64 64 The reciprocal lattice if we have The vectors G of the reciprocal lattice give plane waves with the periodicity of the lattice. In this case G is the wave vector and 2π/|G| the wavelength. then we can write

65 65 X-ray diffraction, von Laue description Volume V so the measured intensity is K=GK=G

66 66 Lattice waves real spacereciprocal space a b 2π/a 2π/b (0,0)

67 67 Lattice waves real spacereciprocal space a b 2π/a 2π/b (0,0)

68 68 Lattice waves real spacereciprocal space a b 2π/a 2π/b (0,0)

69 69 Lattice waves real spacereciprocal space a b 2π/a 2π/b (0,0)

70 70 Lattice waves real spacereciprocal space a b 2π/a 2π/b (0,0)

71 71 Lattice waves real spacereciprocal space a b 2π/a 2π/b (0,0)

72 72 The reciprocal of the reciprocal lattice is again the real lattice |a 1 |=a |a 2 |=b |b 2 |=2π/b |b 1 |=2π/a

73 73 The reciprocal lattice in 3D example 2: in three dimensions bcc and fcc lattice The fcc lattice is the reciprocal of the bcc lattice and vice versa.

74 74 Other applications of the reciprocal lattice Greatly simplifies the description of lattice-periodic functions (charge density, one-electron potential...). 1D chain of atoms example of charge density 1 example of charge density 2

75 75 Other applications of the reciprocal lattice example: charge density in the chain Fourier series alternatively

76 76 Other applications of the reciprocal lattice 1D reciprocal lattice

77 77 Other applications of the reciprocal lattice 1D 3D

78 78 X-ray diffraction, von Laue description with use so the measured intensity is constructive interference when Laue condition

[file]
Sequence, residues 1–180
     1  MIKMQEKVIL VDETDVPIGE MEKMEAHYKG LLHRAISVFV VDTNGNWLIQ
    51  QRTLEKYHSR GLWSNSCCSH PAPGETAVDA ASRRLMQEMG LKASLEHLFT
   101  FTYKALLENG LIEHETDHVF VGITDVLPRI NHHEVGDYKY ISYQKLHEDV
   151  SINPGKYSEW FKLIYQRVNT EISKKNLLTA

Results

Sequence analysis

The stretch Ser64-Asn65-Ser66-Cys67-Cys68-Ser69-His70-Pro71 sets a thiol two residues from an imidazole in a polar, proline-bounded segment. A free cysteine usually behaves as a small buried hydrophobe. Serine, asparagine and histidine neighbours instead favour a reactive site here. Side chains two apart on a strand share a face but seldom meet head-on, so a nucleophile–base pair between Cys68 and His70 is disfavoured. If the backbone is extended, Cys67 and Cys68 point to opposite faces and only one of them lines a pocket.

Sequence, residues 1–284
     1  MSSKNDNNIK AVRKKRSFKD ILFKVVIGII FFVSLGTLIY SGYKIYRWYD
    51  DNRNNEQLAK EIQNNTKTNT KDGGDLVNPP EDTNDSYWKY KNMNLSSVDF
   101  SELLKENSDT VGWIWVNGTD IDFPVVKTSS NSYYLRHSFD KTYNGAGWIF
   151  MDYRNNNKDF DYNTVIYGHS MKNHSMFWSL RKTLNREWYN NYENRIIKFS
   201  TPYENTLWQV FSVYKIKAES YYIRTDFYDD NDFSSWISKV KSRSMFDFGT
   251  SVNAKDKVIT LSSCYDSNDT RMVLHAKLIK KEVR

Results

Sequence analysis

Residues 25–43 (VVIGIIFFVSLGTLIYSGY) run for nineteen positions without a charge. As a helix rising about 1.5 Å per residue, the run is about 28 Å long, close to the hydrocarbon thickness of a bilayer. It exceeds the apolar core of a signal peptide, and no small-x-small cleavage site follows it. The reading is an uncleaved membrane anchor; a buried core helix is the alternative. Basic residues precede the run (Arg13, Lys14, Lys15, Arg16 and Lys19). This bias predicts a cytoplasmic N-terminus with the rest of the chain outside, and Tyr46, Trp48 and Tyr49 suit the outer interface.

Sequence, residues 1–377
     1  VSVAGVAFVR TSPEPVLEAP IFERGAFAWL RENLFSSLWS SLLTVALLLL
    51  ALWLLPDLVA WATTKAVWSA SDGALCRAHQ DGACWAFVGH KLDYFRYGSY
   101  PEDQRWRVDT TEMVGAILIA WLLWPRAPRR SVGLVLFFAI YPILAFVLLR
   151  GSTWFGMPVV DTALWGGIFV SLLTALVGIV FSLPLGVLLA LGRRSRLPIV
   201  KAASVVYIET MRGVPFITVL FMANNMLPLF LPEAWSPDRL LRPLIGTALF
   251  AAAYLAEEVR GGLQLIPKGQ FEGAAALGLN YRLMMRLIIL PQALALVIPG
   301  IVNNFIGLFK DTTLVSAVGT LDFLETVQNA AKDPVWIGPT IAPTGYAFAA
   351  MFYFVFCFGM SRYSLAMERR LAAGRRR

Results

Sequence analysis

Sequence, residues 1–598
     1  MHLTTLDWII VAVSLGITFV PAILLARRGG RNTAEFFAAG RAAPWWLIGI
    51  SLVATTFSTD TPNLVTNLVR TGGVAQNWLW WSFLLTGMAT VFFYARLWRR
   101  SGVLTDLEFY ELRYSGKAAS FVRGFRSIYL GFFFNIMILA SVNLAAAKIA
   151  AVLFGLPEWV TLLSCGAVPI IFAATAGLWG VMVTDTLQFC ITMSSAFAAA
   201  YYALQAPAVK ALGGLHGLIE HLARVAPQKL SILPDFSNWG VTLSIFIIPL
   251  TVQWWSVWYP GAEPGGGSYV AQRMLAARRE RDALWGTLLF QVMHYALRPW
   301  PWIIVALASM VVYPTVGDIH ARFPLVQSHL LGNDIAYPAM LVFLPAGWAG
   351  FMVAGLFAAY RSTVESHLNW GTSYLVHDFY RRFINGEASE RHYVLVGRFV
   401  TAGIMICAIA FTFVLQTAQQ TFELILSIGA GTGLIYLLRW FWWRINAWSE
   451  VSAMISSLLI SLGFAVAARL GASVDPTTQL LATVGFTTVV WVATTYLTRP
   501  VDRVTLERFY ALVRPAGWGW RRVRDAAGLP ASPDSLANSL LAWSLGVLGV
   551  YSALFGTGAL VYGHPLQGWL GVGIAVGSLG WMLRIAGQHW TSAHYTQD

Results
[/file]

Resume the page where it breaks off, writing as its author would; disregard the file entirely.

79 79 X-ray diffraction, von Laue description with use so the measured intensity is for a specific spot

80 80 X-ray diffraction, von Laue description Volume V so the measured intensity is

81 81 X-ray diffraction, von Laue description Volume V so the measured intensity is K k k’ -k

82 82 X-ray diffraction, von Laue description Volume V so the measured intensity is

83 83 X-ray diffraction, von Laue description Volume V so the measured intensity is

84 84 X-ray diffraction, von Laue description Volume V so the measured intensity is

85 85 The Ewald construction Draw (cut through) the reciprocal lattice. Draw a k vector corresponding to the incoming x-rays which ends in a reciprocal lattice point. Draw a circle around the origin of the k vector. The Laue condition is fulfilled for all vectors k’ for which the circle hits a reciprocal lattice point. Laue conditionif G is a rec. lat. vec.

86 86 Why does the Bragg condition appear so much simpler? Laue condition automatically fulfilled parallel to the surface (choosing specular reflection) 1D reciprocal lattice in this direction: define vector d connecting the planes kk’

87 87 Relation to lattice planes / Miller indices The vector is the normal vector to the lattice planes with Miller indices (m,n,o)

88 88 x-ray diffraction in practice

89 89 X-ray diffraction in practice image source: wikipedia

90 90 typical result

91 91 typical result (with filter)

92 92 This is all good and fine but one needs to have the crystal aligned EXACTLY such that the condition of specular reflection is fulfilled. This is not so simple because the reflections are very narrow. One trick is to use a powder of small crystals instead of one big crystal. Due to the disorder in the powder, the specular reflection is always realized for some crystals. Another trick is to use non- monochromatic (white) x-rays to increase the chances of constructive interference (see next slide)

93 93 Laue Method Using white x-rays in transmission or reflection. Obtain the symmetry of the crystal along a certain axis.